Benji Anderson’s pigs roam bright green fields that cover much of the 48 acres on Anderson Farms in nearby Madison County. In one pasture, a full-grown, 300-pound sow idly grazes on grass. In another, younger pigs root in the dirt and occasionally saunter to a metal trough where they munch corn and soybean feed. Pigs are famously omnivorous, and these also eat nuts, vetch, even bugs.
What they don’t eat are antibiotics.
Antibiotics have been widely used to promote rapid weight gain in livestock since the 1950s, and in 2014, the FDA estimated that 62 percent of all antibiotics are sold for agricultural use. Consumers, however, are increasingly upset about this practice, and they’re using their purchasing power to protest.
The evidence is clear now that routinely dosing livestock with the same antibiotics doctors use to treat infections in people has contributed to the evolution of antibiotic-resistant bacteria. Each year, “22,000 people in the United States die today because the antibiotics didn’t work,” says Jonathan Kaplan.
Pushing to reduce the use of antibiotics as agricultural growth promoters is part of Kaplan’s job at the Natural Resources Defense Council, where he leads the food and agriculture program. Although his organization has had success galvanizing governmental bodies into revisiting antibiotic regulation, he says the main arbiter of change has been the consumer. Consumer demand for antibiotic-free chicken has driven Tyson, Perdue and other giant producers to change their practices, and more and more restaurants advertise drug-free birds. The pork industry, says Kaplan, is starting to feel that same pressure, but the transition away from antibiotics will be a struggle for industrial-scale hog farms.
Georgia’s pork farmers won’t feel the pressure as keenly as a farmer in the Midwest, says Robert Dove, an animal scientist and swine-feed expert at UGA. “We don’t have a lot of disease issues or disease pressure because we don’t have a bunch of pigs all congregated together,” Dove says.
Compared to 11 million pigs in Iowa, Georgia has a scant 30,000. Many of the hog farms in the state are small, with fewer than 50 animals at any one time. Anderson Farms is not only small, but also raises pigs in pastures instead of confined in pens. Grazing pigs is a traditional method that represents only a tiny slice of today’s pork market.
Hogs raised this way are generally very healthy, and Anderson says he has a sick pig about twice a year. When this happens, he doesn’t hesitate to use an antibiotic if that is likely to help. But he never gives antibiotics to promote weight gain or growth, and he won’t sell any pig given antibiotics under the Anderson Farms label.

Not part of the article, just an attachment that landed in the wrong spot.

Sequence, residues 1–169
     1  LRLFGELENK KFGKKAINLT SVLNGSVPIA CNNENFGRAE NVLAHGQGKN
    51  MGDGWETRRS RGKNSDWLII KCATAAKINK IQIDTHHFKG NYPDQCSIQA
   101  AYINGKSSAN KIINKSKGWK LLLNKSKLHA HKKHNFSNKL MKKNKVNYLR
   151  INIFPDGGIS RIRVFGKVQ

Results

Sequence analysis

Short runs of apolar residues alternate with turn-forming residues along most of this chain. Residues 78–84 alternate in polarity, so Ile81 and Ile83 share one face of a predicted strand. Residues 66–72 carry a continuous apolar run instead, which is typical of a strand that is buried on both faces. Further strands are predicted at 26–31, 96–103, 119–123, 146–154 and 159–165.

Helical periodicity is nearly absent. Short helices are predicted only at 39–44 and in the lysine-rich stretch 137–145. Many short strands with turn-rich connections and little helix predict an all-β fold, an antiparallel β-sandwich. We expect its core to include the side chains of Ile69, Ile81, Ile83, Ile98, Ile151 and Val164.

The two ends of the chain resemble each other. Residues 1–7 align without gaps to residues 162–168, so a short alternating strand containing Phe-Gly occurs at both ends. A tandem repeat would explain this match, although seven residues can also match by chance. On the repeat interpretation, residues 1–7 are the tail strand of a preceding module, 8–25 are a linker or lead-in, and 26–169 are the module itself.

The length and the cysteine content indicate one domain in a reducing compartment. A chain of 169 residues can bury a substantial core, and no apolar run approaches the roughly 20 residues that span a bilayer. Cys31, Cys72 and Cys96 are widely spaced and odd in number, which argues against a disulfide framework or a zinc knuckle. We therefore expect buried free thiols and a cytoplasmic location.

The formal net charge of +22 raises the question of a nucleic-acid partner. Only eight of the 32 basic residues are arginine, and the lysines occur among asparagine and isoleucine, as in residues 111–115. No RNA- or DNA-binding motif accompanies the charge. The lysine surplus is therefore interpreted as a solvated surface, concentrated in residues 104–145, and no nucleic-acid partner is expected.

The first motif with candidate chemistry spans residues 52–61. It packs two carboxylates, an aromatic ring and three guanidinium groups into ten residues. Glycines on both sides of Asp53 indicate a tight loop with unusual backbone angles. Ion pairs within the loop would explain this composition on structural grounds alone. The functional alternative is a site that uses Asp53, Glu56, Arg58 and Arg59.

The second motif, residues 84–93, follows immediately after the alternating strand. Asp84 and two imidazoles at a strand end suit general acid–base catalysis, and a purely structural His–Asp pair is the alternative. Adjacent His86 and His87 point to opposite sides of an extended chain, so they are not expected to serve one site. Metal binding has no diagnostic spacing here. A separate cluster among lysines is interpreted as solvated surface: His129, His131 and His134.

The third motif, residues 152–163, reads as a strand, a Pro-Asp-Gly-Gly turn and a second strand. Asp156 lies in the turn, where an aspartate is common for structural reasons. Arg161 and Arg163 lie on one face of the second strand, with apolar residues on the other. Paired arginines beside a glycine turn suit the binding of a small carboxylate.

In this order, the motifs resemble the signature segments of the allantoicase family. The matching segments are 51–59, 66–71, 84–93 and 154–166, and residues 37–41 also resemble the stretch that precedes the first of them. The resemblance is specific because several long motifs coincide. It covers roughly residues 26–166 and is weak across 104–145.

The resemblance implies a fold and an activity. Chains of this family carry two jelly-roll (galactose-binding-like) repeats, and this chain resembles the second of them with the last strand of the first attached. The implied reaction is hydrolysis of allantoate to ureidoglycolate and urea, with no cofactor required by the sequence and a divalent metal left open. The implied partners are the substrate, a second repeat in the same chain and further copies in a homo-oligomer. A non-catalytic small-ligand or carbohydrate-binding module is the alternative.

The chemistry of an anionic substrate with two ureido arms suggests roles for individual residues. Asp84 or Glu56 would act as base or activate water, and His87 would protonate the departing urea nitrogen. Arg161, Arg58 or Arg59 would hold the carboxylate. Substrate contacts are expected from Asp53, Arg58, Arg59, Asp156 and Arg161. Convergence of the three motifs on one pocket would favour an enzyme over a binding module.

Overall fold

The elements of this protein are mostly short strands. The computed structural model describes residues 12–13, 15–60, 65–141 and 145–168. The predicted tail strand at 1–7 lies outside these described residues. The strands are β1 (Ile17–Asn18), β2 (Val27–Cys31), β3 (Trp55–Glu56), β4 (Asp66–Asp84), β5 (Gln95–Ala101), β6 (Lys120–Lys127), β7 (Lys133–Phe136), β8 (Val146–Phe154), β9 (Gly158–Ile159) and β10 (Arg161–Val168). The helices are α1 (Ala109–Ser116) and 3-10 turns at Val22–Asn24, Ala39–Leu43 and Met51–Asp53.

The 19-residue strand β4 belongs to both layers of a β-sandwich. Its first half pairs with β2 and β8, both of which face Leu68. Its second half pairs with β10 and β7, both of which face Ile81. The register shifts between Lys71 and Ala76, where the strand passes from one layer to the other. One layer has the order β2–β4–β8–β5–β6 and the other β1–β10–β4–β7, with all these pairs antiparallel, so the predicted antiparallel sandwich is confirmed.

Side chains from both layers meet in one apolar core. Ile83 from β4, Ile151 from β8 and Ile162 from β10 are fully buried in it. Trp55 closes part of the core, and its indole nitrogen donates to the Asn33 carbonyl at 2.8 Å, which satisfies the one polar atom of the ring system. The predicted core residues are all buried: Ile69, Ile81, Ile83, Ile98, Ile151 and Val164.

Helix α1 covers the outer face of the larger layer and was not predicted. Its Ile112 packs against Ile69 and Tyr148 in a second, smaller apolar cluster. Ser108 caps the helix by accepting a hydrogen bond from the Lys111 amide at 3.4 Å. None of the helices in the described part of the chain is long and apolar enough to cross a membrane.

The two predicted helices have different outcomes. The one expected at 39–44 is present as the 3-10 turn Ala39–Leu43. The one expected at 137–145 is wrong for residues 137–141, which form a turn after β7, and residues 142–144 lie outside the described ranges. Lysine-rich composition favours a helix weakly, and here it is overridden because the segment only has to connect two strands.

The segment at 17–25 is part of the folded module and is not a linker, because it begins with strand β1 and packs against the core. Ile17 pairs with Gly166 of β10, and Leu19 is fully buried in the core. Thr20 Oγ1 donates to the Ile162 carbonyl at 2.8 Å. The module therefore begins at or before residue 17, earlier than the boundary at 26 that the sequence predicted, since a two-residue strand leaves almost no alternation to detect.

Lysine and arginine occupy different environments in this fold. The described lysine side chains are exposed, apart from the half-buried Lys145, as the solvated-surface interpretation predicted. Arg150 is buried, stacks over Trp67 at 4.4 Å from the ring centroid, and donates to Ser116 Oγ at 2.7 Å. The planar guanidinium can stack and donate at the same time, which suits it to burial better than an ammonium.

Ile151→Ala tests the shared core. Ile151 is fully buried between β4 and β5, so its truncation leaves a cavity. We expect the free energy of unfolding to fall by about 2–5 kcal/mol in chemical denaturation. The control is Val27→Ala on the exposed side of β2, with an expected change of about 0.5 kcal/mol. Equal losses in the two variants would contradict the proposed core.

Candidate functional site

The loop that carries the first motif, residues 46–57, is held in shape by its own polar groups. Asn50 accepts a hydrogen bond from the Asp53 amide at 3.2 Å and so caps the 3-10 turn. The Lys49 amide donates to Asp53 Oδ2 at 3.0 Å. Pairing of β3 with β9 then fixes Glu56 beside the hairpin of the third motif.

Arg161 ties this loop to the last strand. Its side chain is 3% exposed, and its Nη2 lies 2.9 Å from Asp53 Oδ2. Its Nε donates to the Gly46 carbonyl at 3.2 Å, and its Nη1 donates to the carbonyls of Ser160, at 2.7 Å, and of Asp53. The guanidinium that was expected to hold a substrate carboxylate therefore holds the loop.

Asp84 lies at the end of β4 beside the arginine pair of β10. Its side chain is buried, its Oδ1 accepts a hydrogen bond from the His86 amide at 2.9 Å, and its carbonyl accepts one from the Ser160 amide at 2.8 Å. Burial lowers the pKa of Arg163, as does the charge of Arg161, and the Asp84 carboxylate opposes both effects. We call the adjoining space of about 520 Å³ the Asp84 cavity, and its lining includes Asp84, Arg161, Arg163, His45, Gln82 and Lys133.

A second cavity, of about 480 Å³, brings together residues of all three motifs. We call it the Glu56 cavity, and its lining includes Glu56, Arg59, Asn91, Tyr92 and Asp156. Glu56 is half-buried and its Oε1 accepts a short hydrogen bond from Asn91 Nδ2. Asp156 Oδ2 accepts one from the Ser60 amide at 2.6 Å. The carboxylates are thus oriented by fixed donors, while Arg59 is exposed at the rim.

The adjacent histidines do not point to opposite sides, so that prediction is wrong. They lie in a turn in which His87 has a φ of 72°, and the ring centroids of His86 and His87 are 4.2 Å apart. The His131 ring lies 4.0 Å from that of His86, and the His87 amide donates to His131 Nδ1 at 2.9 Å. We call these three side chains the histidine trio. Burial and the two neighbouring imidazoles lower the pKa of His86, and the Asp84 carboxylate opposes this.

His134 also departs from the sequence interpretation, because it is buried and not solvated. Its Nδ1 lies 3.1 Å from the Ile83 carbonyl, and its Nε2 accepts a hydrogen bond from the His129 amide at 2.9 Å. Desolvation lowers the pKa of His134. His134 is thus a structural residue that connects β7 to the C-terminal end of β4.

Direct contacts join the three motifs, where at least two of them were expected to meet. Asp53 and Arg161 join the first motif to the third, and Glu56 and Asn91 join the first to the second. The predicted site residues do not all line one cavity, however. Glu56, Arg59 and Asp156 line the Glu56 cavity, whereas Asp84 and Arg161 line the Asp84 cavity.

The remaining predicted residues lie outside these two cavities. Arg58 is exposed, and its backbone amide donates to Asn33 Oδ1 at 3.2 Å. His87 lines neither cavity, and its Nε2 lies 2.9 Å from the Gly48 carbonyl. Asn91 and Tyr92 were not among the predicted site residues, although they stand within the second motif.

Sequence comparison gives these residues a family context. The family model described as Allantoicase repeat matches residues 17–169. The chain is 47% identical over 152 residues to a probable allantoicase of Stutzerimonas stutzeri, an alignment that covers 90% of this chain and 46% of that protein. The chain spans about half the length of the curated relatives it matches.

Disease, he says, is a far greater concern for a conventional hog farm where as many as 5,000 animals are confined on one acre. Hogs are “just like people,” Anderson says. “If lots of people are jammed in together, disease spreads.”
Most of the pork products Americans buy come from conventional, factory-style farms somewhere in the Midwest. Hogs are raised in barns with concrete floors to reduce exposure to disease-causing organisms. At the same time, they’re packed together to keep production costs low.
Antibiotics aren’t likely to disappear from pork production, says UGA’s Dove, but the industry is scaling back their use as growth stimulators. “From a growth-promoting standpoint, I think we’ll come very close,” Dove says. “We still have to use antibiotics to treat illness.”
New federal regulations that prohibit the use of medically important antibiotics as growth promoters go into effect on Jan. 1, 2017. Supposedly, these new Food and Drug Administration rules will ensure that antibiotics will only be used to treat disease. Kaplan isn’t confident that the FDA guidelines will have much impact, though. “A lot of the drugs that are approved by the FDA are approved for both growth promotion and disease prevention,” he cautions. In effect, producers can continue using the same drugs in the same doses—so long as they say the purpose is treating infection.
Anderson doesn’t believe antibiotic use is a given. “Of course hogs can be raised without antibiotics,” he says. Herds can be managed in ways that promote healthier pigs.
Anderson recognizes that his experience as a small-scale farmer doesn’t hold all the answers for the pork industry, but he hopes the larger farms can learn from throwback farms like his. “The pendulum seems to be starting to swing back for the hog industry,” he says. “So we need to keep that momentum going.”
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